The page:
Chair Lyons and members of the committee,

My name is Anthony Lamorena, and I am a government affairs associate for the R Street Institute, a nonprofit, nonpartisan public policy research organization. Our mission is to engage in policy research and outreach to promote free markets and limited, effective government in many areas, including tobacco harm reduction, and that is why SB 24 is of special interest to us.

Here at the R Street Institute, we are very cognizant of the adverse impact of combustible cigarettes. We have long supported raising the legal age to buy tobacco products to 21, enforcing laws to keep such products out of minors’ hands and encouraging adults to never smoke. Though I believe this bill to have the best intentions and share our goal to advance public health, this bill will have negative consequences.

Studies have demonstrated that e-cigarettes are undoubtedly a less harmful alternative to combustible cigarettes.[1] Public Health England has stated that “vaping is at least 95% less harmful than smoking”, which is also a conclusion supported by the National Academies of Sciences, Engineering, and Medicine.[2] Vaping has a reduced risk profile, in part, because it does not employ the traditional cigarette combustion process that releases around 7,000 chemicals—some of which are highly carcinogenic.

Furthermore, e-cigarettes have quickly become the number one tool used to quit smoking in the United States, allowing an untold number of Americans to ditch cigarettes finally.[3] A study in the United Kingdom has found that vaping products have helped tens of thousands of their citizens quit smoking.[4]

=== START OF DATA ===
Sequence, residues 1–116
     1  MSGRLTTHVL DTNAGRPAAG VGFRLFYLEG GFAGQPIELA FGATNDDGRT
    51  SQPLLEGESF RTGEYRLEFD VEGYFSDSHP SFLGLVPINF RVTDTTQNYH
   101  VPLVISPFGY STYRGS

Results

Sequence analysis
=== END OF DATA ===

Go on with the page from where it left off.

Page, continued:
Yet e-cigarettes’ reduced harm profile may not be enough to prompt some smokers to quit smoking, but e-cigarette flavors give adults another reason to switch from combustible cigarettes. Indeed, studies show that adults greatly prefer non-tobacco flavors. But if all non-tobacco flavors are banned, then that greatly reduces the odds that current smokers will make the switch to less harmful products. The significance of combustible cigarette use should not be forgotten in this conversation as well, because about 1,000 Vermonters perish per year from smoking.[5]

Further, the evidence also does not support the inaccurate narrative that e-cigarettes serve as a gateway to combustible cigarette use. In fact, there have generally been sharp declines in youth and adult smoking where vaping has seen an increase. [6]

The complete ban on flavors for e-cigarettes will discourage countless adult smokers from quitting combustible cigarettes. The Vermont Legislature should not be putting up barriers to less harmful adult behavior or encourage the creation of dangerous black markets. Rather, we should work together to find solutions that work to improve public health, save lives and keep tobacco products out of the hands of kids.

Thank you.

Anthony Lamorena
Government Affairs Associate
R Street Institute
(202) 525-5717
[email protected]

[1] U.S. Department of Health and Human Services, The Health Consequences of Smoking—50 Years of Progress: A Report of the Surgeon General, U.S. Office of the Surgeon General, 2014.

[2] Ann McNeill et al., “Evidence review of e-cigarettes and heated tobacco products 2018,” Public Health England, 2018.;

National Academies of Science, Engineering, and Medicine, Public Health Consequences of E-cigarettes, National Research Council, January 2018.

[3] Zhu Shu-Hong, et al., “E-cigarette use and associated changes in population smoking cessation: evidence from US current population surveys,” BMJ, 2017.

[4] Ann McNeill, et al.

[5] “Tobacco Surveillance in Vermont,” Vermont Department of Health. Nov. 9, 2020.,Vermont%20over%20the%20last%20decade.

[6] David T Levy, et al. “Examining the relationship of vaping to smoking initiation among US youth and young adults: a reality check.” Tob Control, November 2019.

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